This site uses cookies to improve your browsing experience, gather site analytics and activity, track shopping cart contents, and deliver relevant marketing information.
View our privacy policy and manage your settings here. By using our site you agree to these terms.

Title IX Overview: Investor Protections and Improvements to the Regulation of Securities

American Bankers Association Contacts

Cris Naser (202) 663-5332 (Credit Rating Agencies/Securitization)
Bob Davis  (202) 663-5588 (Risk Retention)
Joe Pigg (202) 663-5480 (Risk Retention)

Dechert LLP Authors


Stephen H. Bier (212) 698-3889 (Executive Compensation/Corporate Governance)
Elliott R. Curzon (202) 261-3341 (Investor Protection)
William K. Dodds (212) 698-3557 (Enforcement)
Kathleen Massey (212) 698-3686 (Enforcement)
Gordon Sung (212) 649-8786 (Enforcement)
Justin C. Danilewitz (215) 994-2629 (Enforcement)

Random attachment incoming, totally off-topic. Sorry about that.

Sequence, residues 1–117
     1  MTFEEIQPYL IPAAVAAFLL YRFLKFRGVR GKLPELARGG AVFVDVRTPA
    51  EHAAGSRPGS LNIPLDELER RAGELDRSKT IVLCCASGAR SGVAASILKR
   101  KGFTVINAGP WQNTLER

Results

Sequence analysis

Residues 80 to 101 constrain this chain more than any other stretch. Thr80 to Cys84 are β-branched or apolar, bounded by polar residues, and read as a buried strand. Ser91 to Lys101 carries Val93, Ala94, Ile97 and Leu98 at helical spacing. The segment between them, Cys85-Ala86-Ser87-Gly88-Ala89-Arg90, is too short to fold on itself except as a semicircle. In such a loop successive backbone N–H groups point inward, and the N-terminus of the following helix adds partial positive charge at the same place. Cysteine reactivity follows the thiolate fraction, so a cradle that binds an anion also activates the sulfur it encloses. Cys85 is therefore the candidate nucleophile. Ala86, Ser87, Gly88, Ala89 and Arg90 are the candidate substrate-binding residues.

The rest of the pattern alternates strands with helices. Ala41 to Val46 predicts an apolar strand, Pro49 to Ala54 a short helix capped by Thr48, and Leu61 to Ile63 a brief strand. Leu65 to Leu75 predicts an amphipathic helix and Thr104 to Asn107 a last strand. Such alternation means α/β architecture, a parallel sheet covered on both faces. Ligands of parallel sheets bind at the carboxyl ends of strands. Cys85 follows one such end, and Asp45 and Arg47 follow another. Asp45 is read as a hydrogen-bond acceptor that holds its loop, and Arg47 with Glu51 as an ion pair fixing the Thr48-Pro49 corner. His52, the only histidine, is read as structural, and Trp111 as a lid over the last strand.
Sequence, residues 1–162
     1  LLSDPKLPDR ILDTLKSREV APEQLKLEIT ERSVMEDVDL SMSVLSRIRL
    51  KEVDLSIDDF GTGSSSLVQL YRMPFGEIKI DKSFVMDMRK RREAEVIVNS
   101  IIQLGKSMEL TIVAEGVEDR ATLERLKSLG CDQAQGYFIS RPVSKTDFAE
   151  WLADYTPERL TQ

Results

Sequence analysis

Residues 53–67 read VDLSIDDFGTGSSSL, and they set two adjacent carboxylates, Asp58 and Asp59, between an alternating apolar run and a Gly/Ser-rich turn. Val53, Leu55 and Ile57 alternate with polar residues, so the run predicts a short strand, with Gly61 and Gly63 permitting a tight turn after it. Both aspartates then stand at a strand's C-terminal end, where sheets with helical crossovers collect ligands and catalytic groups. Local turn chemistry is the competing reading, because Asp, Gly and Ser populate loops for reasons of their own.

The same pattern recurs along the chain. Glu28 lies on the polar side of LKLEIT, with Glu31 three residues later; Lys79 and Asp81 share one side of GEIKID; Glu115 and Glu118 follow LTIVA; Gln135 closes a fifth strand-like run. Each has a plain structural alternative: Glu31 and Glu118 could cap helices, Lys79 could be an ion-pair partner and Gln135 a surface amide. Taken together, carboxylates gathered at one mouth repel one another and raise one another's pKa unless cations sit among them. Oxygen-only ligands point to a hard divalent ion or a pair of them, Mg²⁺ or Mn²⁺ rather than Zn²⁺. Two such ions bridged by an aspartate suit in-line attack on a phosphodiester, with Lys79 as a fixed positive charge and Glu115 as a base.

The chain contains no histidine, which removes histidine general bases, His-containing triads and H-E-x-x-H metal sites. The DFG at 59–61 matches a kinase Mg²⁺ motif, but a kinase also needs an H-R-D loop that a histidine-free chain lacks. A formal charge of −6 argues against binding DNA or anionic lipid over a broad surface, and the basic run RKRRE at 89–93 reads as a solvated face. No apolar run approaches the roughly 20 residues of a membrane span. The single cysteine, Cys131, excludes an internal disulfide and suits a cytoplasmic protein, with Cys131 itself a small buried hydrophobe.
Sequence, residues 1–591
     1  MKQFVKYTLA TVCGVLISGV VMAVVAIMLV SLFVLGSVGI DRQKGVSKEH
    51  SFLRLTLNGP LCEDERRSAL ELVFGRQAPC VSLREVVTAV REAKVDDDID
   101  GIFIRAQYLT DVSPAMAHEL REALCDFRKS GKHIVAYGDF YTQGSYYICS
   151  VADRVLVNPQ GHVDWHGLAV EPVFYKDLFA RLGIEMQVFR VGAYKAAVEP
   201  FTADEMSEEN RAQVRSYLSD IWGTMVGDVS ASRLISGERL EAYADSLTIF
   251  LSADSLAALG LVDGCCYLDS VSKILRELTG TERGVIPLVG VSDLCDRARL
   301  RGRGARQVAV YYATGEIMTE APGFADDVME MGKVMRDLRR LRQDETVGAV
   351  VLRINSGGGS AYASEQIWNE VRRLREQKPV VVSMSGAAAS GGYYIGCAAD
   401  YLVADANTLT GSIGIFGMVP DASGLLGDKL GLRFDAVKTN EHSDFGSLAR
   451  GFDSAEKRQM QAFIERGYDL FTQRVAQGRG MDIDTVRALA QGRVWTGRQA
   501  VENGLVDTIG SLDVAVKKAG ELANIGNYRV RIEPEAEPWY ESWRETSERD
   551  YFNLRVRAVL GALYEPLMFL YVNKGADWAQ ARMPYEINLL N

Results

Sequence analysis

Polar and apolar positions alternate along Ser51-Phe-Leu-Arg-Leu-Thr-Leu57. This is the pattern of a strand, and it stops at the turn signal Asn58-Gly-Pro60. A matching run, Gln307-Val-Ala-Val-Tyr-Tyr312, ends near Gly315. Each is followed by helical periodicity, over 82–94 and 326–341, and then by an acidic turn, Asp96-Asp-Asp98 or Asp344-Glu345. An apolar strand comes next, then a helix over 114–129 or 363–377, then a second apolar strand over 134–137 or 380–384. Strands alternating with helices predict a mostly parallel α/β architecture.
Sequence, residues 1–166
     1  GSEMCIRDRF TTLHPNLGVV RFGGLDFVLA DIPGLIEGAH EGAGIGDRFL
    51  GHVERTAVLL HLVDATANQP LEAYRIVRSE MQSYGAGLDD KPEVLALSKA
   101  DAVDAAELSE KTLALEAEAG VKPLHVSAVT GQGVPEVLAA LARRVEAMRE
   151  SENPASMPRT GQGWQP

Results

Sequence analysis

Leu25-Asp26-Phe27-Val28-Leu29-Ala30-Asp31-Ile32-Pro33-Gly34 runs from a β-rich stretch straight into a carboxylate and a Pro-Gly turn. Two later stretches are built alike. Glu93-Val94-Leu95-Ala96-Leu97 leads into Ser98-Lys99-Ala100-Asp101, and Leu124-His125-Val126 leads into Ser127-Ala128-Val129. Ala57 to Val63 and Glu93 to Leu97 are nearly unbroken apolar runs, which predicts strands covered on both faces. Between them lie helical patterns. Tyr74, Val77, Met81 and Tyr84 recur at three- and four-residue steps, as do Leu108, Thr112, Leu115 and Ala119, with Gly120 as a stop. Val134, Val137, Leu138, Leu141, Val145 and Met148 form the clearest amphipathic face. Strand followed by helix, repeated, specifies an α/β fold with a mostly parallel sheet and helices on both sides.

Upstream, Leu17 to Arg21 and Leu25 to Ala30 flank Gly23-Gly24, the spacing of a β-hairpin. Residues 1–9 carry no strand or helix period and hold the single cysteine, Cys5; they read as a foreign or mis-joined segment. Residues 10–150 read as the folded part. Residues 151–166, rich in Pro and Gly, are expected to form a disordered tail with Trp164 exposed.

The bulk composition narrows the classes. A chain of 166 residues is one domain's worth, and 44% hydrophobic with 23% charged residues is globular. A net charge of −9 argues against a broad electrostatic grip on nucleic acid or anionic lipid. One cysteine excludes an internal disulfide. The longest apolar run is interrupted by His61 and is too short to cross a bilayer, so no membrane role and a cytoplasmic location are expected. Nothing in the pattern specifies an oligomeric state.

Ruth S. Epstein (202) 261-3322 (SEC Match Funding & Annuity Exemptions)
Christopher D. Carlson (202) 261-3320 (SEC Match Funding)
Edward L. Pittman (202) 261-3387 (Municipal Securities)
Timothy A. Stafford (212) 698-3504 (Credit Rating Agencies)
Matthew D. Root (212) 698-3881 (Credit Rating Agencies)
Bene Ness (617) 728-7178 (Credit Rating Agencies)
Joshua A. Strathman (949) 442-6016 (Asset Backed Securities Risk Retention)


Title IX contains a broad set of initiatives intended to improve (i) investor protection in a variety of areas; (ii) securities disclosures, including disclosures regarding executive compensation and asset-backed securities; and (iii) securities enforcement, including improvements to the timeliness of the enforcement process.

Title IX also seeks to address areas that have been identified as contributing to the 2008-2009 financial crisis. Among other things, it imposes risk retention requirements in connection with certain asset-backed securities and by reforming the regulation of credit rating agencies.

The risk retention provisions are likely to have a significant impact on the operations of depository institutions and their affiliates. Federal regulators will have substantial discretion to tailor the implementing regulations to address the nature of the assets involved and the underwriting characteristics of the underlying assets in a particular securitization.

The following links provide expanded analysis within this section: